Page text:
I have to drive through a number of cuntry lanes to get to/get home from work. The area is full of cyclists. At one point I have to go up quite a steep hill. Even though there is a path no cyclist has yet get off their bike and walked it up the hill on the pavement. They all struggle, wobbling in-and out of their lane position (making overtaking impossible - on a hill will many blind bends), spandex-a-flashing and arse-cheeks akimbo. It's not a pretty sight.

    And then, especially driving home at winter on unlit roads, the amount of feckers who think it's ok - ie not their responsibility... to cycle wearing nought but black, on a black bike with no lights. These feckers are very hard to see, especially with traffic coming the other way (headlights shining in your eyes). I've had some near-misses with these scum bags, and on each occassion they curse and throw abuse as if they own the road. It's my fault you're cycling at night dressed like a fucking ninja is it? Grow up. Sometimes I wonder what it would be like just to roll over them in my porsche. I imagine that, given their choice of dress their bodies wouldn't be found until morning, and by then they'd be nought but mush.

    I think it's a good idea to legislate against dangerous driving on every vehicle - bit it a car, truck, tractor or a cycle etc. However, wrapping people up in legislation should not take away their social responsibilities. You choose to get into a car/truck/onto a bike etc - and you're responsible for your actions and subsequent consequences. Kill someone and it should be manslaughter - not a dangerous driving offence (which would mean a short sentence).

    Blue-man picture, because it looks like a cyclist. Especially in winter. Where they still wear spandex!

  73. Anonymous Coward
    Anonymous Coward

    The emergency services

    often use their radios to describe the conditions around them as they drive eg commentary by police during a chase so in a sense using their communications while driving can assist their driving.

    Talking to a remote person about something unrelated to driving must divert some attention away from driving which is not a good thing. Especially detailed conversations requiring more thought and concentration. In most cases the call can and should wait until proper attention can be applied to it.

  74. Anonymous Coward

    @ Em

    "If someone cannot hold a hands-free phone conversation whilst paying due care to the road then in my book they are just not able to multi-task to a level that most (well most people I know) can. Instead of penalising them, why not try offering them computerised training tools to assist them in managing tasks better?"

    Because there are no computerised training tools to make your brain larger or to rearchitect it.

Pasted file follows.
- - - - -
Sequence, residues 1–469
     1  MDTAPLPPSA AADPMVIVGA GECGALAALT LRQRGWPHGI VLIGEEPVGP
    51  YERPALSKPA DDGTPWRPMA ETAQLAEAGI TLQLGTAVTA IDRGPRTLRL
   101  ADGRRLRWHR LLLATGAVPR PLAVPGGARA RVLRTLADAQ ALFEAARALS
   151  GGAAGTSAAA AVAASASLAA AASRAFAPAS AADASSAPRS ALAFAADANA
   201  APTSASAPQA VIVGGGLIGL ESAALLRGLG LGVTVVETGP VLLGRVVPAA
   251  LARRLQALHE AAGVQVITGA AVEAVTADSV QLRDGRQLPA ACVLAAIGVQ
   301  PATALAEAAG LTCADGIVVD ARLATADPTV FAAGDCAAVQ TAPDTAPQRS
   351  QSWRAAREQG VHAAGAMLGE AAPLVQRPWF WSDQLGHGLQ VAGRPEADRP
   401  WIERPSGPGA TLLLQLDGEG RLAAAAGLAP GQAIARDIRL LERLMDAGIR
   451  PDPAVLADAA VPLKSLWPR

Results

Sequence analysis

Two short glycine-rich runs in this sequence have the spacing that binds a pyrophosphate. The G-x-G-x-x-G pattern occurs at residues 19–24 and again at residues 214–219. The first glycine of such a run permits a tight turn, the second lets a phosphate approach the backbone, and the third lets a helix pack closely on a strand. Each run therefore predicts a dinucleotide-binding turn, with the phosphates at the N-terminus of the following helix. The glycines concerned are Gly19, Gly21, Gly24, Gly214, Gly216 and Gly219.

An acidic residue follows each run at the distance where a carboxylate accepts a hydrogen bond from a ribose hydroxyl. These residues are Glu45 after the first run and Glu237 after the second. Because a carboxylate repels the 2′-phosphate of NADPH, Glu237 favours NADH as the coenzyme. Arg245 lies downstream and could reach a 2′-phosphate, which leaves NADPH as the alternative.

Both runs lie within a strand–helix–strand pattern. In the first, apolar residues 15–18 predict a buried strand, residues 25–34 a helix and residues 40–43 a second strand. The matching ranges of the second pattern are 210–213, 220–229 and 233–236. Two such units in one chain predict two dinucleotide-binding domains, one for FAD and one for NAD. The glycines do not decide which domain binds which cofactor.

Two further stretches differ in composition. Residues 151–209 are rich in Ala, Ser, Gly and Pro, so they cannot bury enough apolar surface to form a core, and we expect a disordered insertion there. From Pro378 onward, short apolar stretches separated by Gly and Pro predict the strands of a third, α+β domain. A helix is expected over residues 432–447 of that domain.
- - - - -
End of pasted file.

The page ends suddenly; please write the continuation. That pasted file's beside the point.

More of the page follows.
People can't multi-task. You can't do two things that both require concentration at the same time without concentrating less on each task. The idea that you can is wrong-headed and, in this situation, dangerous. "Due care to the road" is all your attention. Perhaps you think not paying your full attention to the road is OK. The reality is that it's fine until something unexpected happens, at which point the person paying attention is ten times less likely to have an accident than the person who thinks she can multitask.

    The irony is that most women seem to think "multi-tasking" is something women can do and men can't. I often get ribbed about this by my wife. Fortunately, ironing or cleaning badly is rarely fatal.

  75. Mark

    @Hombre sin nombre

    Nope, the passenger is in the same car that is about to crash. This makes them just as interested in the car not crashing as you.

  76. Chris

    What Nanny State really wants... for you all to sit in your cells, under 24/7 surveillance, forever.

    That way you can't hurt yourself, rock the boat, or do ANYTHING.

    If you can see any tiny flaws in this plan then you are part of the problem!

  77. Richard

    Stupidest idea ever

    There's a reason why this is daft. Mobile phones while driving? Yes, dangerous. Hands-free? Uh no.

    Answering a hands-free call requires pushing a button on the side of your head. Then you just talk.

    Driving meanwhile requires operating up to 4 controls at once (Clutch, Brake, Steering Wheel, Gear Stick).

    During a call? Talking. So lets extend this idea using simple logic:

    You are now banned from making conversation. You must get in the car and sit in silence until you reach your destination. Oh wait. You can't. Use of any control is banned. Therefore driving is banned.

    Vehicles are now obsolete. We must all walk.

    Are we seeing the daft yet?

    -- Richard

  78. greg

    pointless legislation

    How are the plod going to enforce this if it passes? Pull over every driver with a hands-free kit regardless whether or not they were on a call!?